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  11. Donna Macauley

    I completely agree. I started (ugh, I’m dating myself) with a completely manual film camera (back in the day)…even focus was manual. I think it was the best way to learn and I’m glad I had no other option so that I couldn’t just flip the dial and rely on the camera. Also, leaning in manual makes it easier to move to different technologies because you have the grasp of exposure and how the camera essentially works.

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  12. Alex Petrenko

    Shoot manual if your subject can wait. Otherwise – let camera help you to be faster.

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  13. Jeremy Stroud

    I started out in a semi-auto mode (Aperture Priority primarily). This allowed me to focus on one aspect of the photo at a time. I understood the exposure triangle and did swap modes when needed (primarily shutter speed) but it took me a bit to understand how much of a change I needed to get the shot that I really wanted. I’m still a bit of a newbie but no longer afraid to use Manual mode… it just doesn’t always work out yet. ;D

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    • Max Bridge

      You’ll get there in the end Jeremy. It’s not a big deal to have started off using other modes, I just feel that it would slow down development. Better to jump in at the deep end.

      When I started it took me a while to grasp the numbers and I think that’s what many people struggle with. I have a very good grasp on it all now but ironically I’ve also reaslied that, in some ways, it doesn’t matter. For example, if I look at my image either using the back of my camera or the histogram and think “that’s a stop under”, I know that three turns of a dial will add an extra stop. I just decide if it’s aperture, shutter speed, ISO or a combination that I’m going to adjust based on the need / want thing I mentioned in the article. It’s a slightly easier way of thinking rather than focusing on numbers.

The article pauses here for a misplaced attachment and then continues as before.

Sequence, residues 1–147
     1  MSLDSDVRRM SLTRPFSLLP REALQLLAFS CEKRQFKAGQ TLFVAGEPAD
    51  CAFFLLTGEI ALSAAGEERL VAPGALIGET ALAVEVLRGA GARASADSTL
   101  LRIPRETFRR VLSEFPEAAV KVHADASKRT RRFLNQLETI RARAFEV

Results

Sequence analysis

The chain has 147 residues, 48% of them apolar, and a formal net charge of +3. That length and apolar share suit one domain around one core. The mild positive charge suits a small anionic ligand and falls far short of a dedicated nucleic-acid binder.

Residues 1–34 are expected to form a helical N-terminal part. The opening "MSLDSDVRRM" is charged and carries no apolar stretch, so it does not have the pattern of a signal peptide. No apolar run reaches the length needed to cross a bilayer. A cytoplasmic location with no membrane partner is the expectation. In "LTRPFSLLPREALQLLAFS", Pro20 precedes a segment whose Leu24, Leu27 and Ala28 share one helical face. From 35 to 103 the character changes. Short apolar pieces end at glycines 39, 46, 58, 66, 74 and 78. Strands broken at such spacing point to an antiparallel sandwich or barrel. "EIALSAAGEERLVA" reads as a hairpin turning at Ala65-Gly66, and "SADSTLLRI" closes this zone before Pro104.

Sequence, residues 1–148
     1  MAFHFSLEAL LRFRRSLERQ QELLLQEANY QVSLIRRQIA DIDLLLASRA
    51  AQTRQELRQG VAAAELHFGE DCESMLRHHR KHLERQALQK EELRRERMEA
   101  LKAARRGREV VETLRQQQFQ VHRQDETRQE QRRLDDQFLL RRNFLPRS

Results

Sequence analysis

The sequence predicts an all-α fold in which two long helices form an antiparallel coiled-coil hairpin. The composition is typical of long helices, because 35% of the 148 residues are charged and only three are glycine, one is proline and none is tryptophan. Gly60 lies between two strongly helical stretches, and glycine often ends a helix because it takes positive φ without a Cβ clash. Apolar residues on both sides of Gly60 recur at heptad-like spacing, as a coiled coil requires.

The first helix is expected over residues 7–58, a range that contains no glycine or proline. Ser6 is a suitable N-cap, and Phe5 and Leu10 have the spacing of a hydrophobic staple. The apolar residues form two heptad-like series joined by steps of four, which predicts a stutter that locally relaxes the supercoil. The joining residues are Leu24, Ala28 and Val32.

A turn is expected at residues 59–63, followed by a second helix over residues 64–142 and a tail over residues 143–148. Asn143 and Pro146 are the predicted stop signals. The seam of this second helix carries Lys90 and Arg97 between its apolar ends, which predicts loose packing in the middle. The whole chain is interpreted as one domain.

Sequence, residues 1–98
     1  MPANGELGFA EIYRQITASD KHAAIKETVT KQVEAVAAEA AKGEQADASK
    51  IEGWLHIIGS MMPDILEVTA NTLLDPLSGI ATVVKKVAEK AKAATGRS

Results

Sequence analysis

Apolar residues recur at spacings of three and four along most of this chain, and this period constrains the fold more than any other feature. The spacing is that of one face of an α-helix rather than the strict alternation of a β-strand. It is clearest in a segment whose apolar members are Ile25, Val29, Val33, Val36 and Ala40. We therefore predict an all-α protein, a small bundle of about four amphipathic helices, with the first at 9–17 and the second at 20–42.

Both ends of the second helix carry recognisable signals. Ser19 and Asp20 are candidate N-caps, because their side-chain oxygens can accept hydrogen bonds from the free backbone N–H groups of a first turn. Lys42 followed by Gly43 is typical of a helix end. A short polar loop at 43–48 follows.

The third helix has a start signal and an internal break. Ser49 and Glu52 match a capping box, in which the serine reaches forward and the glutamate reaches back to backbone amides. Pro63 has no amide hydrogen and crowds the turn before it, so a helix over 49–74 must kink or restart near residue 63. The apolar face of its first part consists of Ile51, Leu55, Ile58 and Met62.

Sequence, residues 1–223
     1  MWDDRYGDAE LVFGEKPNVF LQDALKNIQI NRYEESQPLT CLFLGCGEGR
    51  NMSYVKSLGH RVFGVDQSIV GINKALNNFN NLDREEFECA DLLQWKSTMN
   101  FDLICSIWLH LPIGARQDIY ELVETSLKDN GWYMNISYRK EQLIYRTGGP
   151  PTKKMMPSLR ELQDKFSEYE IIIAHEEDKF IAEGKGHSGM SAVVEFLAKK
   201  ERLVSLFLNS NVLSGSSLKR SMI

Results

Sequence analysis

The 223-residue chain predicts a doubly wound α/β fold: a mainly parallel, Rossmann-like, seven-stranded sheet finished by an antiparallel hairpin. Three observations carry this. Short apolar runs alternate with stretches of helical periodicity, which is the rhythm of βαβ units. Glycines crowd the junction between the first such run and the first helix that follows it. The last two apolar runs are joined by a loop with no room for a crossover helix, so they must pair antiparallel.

If you follow the above make sure your camera’s ISO is set to adjust in 1/3rd increments.

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    • William Irwin

      I actually started out in Program mode until I figured out what each part of the exposure triangle did. This was WAY back in the film days when looking at the back of the camera just showed you the back of your camera ;)

      Now with digital it is so much more simple to check exposure and make sure you got the right setting for that shot before firing away.

      I’m getting back into shooting film and it does feel a bit awkward since I find myself looking down at the back and nothing there LOL

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  14. Karen Borter

    I started out shooting in AV (Canon) mode only because manual terrified me … then my photographs started to be either over or under exposed and I decided that Manual was the best bet and forced myself to learn that way. Did I miss some shots? Yep, I sure did, but now it’s second nature to me and very rarely do I shoot in AV or TV (shutter). I agree, learn manual first!!

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  15. Paul Wynn

    I think many photographers forget the power of working in Manual. You know exactly what you are getting, and its straight forward to make changes with settings until you achieve the look you want. Okay shooting in aperture or shutter priority mode are extremely useful and have their place, but they can get you in trouble.

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    • Max Bridge

      I completely agree Paul. I just think amateurs find it daunting as all they see is numbers. What they should be focusing on is what they want to achieve with the numbers falling into place based on that.